Dear open-note exams, please come back

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By Kate Emmanuel, Co-Copy Editor Between juggling homework, extracurriculars and a personal life during the school year, memorizing material for tests becomes a stressor unlike any other. How practical is it to have students sit around in a classroom with nothing but a pencil and their memories to answer difficult questions? Long story short: it’s...

By Kate Emmanuel, Co-Copy Editor

Between juggling homework, extracurriculars and a personal life during the school year, memorizing material for tests becomes a stressor unlike any other. How practical is it to have students sit around in a classroom with nothing but a pencil and their memories to answer difficult questions? Long story short: it’s not.

Open-note testing is more relatable to real-life situations than closed-note testing. Whether it be how many feet are in a meter or what body of water you might find a parrotfish in, you can almost always pull out your phone to search up facts in normal circumstances.  I get where the idea that closed note tests help us better understand material comes from, but they’re actually just stress inducing and less effective for students to learn from. 

According to a 2012 Institute of Education Sciences study, students not only much prefer open note testing to closed note, but they also have lower levels of anxiety while taking open-note exams. Since students struggle with memorization, it makes more sense to test how well they can apply concepts and connect ideas, rather than set harsh penalties for forgetting minute details. 

When I take a closed-note test that is based solely on memorizing information, I find myself forgetting what I learned as soon as the assessment is over. It’s way more effective for tests to be open-note and test how students can relate different parts of a topic to one another.

I’m tired of hearing that open note testing just gives students a reason not to study for tests. It’s still a race against the clock, and without solid preparation for a test, there won’t be enough time to answer each question. The time restraint on tests also ensures that students have to memorize material to a certain extent and bringing too many reference materials to a test will result in less time to answer the questions. This way, students are kept accountable and cannot just read through pages of information during a test.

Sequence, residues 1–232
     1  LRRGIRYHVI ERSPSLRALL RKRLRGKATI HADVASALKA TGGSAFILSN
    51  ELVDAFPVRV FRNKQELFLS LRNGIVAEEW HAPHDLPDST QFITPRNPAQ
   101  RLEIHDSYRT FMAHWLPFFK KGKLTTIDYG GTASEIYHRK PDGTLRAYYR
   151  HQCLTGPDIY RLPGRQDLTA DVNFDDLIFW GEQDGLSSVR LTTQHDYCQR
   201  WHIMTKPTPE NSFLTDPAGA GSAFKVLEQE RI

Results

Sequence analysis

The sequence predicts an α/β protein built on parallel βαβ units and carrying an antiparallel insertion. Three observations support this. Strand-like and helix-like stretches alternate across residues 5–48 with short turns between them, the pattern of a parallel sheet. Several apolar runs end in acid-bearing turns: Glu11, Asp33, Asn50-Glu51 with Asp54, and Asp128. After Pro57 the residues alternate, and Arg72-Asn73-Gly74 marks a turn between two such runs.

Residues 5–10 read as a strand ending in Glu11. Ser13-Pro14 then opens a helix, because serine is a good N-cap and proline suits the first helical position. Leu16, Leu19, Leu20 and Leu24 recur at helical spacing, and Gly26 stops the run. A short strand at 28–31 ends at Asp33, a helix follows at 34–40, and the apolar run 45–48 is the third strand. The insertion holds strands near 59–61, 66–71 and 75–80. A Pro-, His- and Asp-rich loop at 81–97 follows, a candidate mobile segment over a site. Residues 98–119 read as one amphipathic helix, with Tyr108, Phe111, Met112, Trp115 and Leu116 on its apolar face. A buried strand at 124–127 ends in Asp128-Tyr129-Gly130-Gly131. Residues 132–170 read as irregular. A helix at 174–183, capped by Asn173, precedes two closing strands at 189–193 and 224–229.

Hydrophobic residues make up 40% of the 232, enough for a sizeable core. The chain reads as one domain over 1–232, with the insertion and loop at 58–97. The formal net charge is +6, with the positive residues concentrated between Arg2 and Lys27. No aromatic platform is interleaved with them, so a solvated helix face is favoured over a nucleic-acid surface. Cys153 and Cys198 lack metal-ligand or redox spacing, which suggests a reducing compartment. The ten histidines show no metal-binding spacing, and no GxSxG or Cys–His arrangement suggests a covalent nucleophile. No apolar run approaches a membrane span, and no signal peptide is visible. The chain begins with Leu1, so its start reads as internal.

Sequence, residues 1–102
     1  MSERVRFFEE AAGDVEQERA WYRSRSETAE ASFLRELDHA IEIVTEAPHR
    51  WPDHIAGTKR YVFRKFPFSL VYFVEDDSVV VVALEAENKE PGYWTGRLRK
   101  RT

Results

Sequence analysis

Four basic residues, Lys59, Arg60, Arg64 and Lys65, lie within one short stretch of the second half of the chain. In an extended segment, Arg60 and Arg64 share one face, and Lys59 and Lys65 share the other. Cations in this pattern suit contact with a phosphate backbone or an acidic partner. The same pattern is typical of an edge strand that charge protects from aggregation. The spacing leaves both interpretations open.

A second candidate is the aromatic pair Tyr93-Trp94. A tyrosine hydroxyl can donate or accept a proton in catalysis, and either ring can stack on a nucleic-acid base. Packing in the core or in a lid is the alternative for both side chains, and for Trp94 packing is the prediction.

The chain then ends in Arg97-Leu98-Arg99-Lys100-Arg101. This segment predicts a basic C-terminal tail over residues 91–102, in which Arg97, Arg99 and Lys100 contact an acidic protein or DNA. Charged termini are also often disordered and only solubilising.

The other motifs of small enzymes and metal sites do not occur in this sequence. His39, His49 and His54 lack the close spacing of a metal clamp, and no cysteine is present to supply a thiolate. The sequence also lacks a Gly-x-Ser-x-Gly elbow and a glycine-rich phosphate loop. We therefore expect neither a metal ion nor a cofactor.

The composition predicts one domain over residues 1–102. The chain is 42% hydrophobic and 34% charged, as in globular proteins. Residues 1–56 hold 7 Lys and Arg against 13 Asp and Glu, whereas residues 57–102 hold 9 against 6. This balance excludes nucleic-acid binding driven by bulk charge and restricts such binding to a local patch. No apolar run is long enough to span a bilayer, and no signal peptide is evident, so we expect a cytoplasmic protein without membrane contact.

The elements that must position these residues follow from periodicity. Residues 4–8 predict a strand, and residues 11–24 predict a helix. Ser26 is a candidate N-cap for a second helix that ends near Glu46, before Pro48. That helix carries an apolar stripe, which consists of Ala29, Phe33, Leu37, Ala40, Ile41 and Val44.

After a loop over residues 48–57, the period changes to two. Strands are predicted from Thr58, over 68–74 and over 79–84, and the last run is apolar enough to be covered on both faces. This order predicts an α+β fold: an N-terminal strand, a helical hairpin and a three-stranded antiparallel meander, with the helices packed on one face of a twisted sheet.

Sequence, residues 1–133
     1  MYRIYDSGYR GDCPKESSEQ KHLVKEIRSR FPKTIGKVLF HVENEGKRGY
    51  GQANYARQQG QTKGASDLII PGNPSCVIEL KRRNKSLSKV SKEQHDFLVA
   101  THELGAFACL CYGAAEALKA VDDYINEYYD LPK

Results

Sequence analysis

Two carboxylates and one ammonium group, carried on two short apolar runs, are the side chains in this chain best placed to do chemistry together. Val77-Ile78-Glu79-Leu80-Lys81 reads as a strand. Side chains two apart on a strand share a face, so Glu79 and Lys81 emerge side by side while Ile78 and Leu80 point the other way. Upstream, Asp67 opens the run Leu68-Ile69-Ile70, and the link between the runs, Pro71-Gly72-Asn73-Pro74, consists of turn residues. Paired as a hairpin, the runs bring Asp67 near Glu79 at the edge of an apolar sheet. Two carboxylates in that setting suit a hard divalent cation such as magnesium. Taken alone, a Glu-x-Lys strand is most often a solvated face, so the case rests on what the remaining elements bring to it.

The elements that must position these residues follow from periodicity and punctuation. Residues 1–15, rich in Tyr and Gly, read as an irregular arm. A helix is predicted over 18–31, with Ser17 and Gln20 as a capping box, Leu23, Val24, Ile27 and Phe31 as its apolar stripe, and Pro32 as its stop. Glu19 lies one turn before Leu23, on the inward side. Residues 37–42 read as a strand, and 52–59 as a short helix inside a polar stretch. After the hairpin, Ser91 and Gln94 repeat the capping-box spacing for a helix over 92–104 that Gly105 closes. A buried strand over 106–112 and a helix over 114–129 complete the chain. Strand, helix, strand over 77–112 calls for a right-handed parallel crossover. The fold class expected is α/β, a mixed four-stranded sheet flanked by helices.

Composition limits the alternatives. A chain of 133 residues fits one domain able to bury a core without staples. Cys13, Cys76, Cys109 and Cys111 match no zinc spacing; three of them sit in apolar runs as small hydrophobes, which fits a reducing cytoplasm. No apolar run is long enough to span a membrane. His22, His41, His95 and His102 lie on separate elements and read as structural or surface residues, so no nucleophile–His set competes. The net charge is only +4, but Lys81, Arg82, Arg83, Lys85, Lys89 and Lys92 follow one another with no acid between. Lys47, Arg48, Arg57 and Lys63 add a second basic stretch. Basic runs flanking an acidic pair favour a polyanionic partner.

If open-note testing provides a huge advantage to students during an exam, the problem isn’t with the test-taking method, it’s with the exam itself. Students should not be able to answer test questions through a Google search. Tests should force students to use critical thinking skills. Rather than having students memorize cold facts for closed-note exams, the emphasis should be on applying information they know to questions on open-note tests. 

Open-note testing isn’t hard to incorporate in our current curriculum. The many variations of open-note exams also make it easy for teachers to find something that works for their classroom. For example, one option is to let students bring a single cheat sheet filled with as much of their own writing as they choose.This forces students to narrow information down to key details and main ideas. Another option is giving students a predetermined sheet of information such as formulas, for a class like math or chemistry. 


Kate Emmanuel can be reached at [email protected]

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